Modern Application of Ancient Greek Pathos: “The Bacchae”

When Bacchae attack. News at 11.

Presented by Oberon New Works Series, Komoi Collective and Tubiforce Media Productions
By Euripides
Translated by T.A. Buckley
Script treatment by Steve Dooner
Directed by Steve Dooner and Jen Kenneally
Musical direction by Adam Brooks
Dramaturg – Mike Nuell

January 16 & 17, 2014
Club Oberon
Cambridge, MA
Tubiforce on Facebook
The Bacchae on Facebook

Review by Kitty Drexel

**This show is for adults. There is artful nudity and general sexiness. The naked body is a beautiful thing but parents tend to freak out when their kids see one. Sex is great. ***

(Cambridge) As a tot, I remember asking my Mom about the god Dionysus (I was reading The Odyssey and was confused by his role). She told me simply that he was the god of liquids like wine… and semen. She continued that he liked to have a good time and preferred his ladies on the wild side. My understanding of mythology has never been the same.

To wit, Euripides’ The Bacchae is the story of how life got flipped, turned upside down when Dionysus (Gene Dante) became the god of a town called Thebes. Long story short, Zeus impregnated Semele, killed her with lightning and then gestated their son Dionysus in his “thigh.” Semele’s family assumed she got knocked-up illegitimately and refused to believe that Dionysus was a god. Tiresias (Eric Dwinnells) the oracle tries to warn them but the idiots don’t listen*. This is when all Hell breaks loose. Dionysus drives all the Theban ladies crazypants. They throw an epic party in the mountains and trash the town. Only King Pentheus (Brandon Homer) has the balls to question their antics (lame). It does not end well for anyone – except for Dionysus who finally receives the recognition he deserves. Along the way there’s some cross-dressing, nudity and a tiny bit of bondage.

Komoi Collective and Tubiforce Media Productions’ The Bacchae is an immersive, interactive theatre experience. It entails “in your face” dancing, drumming, screaming and fighting. There is no 4th wall. Enjoyment of this production is incumbent upon participation in the performance. Watching The Bacchae without succumbing to its revelries is like watching friends experiencing the drug of their choice; you can’t enjoy it if you are outside of it. This will shock/scare some theatre-goers who are accustomed to safely watching theatre without cast interaction; this production is not for them. This show is for the rest of us and it’s a trip.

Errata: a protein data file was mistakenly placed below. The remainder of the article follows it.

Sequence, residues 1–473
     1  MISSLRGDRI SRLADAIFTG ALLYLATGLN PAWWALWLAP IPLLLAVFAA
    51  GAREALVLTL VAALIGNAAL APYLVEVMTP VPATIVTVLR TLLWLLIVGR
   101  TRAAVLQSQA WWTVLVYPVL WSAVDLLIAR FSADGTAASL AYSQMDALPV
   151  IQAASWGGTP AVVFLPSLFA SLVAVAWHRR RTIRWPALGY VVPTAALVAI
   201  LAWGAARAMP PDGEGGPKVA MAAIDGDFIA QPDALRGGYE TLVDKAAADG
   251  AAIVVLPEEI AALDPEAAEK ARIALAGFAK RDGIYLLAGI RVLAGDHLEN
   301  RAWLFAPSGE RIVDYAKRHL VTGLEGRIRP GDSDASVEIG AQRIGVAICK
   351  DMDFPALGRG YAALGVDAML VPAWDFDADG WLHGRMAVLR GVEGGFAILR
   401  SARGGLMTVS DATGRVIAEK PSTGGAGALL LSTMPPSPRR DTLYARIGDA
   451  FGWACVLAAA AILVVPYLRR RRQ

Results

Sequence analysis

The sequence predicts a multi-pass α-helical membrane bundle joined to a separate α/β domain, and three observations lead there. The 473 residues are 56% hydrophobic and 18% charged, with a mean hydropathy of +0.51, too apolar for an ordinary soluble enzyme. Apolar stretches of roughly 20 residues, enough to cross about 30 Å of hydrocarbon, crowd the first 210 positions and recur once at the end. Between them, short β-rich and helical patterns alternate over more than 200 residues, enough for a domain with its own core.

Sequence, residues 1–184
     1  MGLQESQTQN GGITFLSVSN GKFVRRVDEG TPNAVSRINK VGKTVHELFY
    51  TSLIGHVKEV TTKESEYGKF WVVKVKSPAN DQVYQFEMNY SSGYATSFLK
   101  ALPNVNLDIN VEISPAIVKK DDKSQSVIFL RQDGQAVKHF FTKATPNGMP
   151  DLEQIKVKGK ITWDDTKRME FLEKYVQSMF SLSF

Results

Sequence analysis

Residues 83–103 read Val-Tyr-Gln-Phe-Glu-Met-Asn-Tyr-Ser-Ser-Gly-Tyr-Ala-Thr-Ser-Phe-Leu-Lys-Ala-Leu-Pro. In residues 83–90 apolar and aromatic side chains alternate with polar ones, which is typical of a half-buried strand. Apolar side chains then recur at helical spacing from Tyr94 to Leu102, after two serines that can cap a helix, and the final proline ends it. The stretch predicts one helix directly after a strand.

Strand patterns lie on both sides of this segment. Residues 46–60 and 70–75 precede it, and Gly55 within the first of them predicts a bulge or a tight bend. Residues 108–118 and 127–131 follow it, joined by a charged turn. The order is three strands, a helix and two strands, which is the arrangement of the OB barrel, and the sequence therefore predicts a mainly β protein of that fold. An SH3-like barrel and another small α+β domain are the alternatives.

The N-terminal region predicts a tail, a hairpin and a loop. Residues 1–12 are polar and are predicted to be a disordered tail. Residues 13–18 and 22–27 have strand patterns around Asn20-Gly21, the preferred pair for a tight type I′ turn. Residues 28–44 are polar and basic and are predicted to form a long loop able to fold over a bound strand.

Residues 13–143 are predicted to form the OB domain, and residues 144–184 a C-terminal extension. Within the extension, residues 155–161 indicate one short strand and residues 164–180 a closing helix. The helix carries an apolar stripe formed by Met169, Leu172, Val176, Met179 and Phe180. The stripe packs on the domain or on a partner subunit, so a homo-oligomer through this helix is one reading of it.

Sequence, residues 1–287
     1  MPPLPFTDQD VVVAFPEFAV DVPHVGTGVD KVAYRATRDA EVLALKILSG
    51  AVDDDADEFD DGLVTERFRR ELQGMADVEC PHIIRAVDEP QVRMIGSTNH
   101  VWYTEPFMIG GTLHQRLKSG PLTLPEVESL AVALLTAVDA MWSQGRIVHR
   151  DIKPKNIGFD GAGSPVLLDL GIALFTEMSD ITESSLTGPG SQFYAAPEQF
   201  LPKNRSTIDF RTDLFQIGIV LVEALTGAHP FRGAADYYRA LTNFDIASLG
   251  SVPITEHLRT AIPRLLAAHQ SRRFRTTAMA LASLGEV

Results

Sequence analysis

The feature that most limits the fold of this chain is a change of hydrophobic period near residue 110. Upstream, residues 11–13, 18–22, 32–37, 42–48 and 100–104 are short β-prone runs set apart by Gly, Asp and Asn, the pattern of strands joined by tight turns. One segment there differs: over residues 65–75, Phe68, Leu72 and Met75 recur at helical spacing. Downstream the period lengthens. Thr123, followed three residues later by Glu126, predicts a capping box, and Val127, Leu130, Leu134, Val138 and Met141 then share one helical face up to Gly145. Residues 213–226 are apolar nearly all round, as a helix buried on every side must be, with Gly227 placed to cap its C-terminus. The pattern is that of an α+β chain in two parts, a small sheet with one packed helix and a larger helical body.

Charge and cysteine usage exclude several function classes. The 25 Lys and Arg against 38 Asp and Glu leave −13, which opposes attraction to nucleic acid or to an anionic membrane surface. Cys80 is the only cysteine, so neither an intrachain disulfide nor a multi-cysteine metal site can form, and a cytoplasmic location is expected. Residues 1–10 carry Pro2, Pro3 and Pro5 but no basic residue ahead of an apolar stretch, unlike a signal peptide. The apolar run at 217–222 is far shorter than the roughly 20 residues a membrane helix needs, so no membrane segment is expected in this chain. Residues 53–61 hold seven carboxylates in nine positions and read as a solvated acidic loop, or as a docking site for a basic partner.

The scenes with the “Barbarian women” and Maenads are high-energy and stimulating like an orgie without the sex. The women use all of the levels and floor area in the scenes that play out Dionysus’ domination of Thebes. Although their mic-ing needs tweaking, the female ensemble dominates Oberon and eventually the audience.

Dante as Dionysus.

As their leader, Gene Dante, oozes sex and power. Like Dr. Frankenfurter meets Hedwig meets a longhorn, his presence in Oberon is captivating. He makes heavy eye make up and a crimped wig from The Grudge look divine. He’s not the kind of deity you’d take home to Momma but you’d certainly try to take him home anyway. It’s no wonder the Thebans went bonkers.

The men are more conservative with their energy. Dwinnells, Homer and Nicholas Paradiso (Messenger #1) give great performances. The other men of the cast have good stage presence but need to triple the energy in their line deliveries.

Louis C.K. has a bit about the Girls Gone Wild franchise. It goes, “when girls go wild, they show their tits. When women go wild, they kill men and drown their kids in a tub.” If classical mythology or world history is any indication, he’s not wrong. Although Euripides’ tragedy is a work of fiction, the potential for murderous ruin and orgasmic revelry lie dormant within us all. The Bacchae is the perfect opportunity to dig deep (or not so deep), let go and celebrate the fervent spirit within.

*You’d think that the Greeks would know better when approximately 75% of their folklore is a collection of unhappy reactions to Zeus sticking his man parts where they don’t belong.

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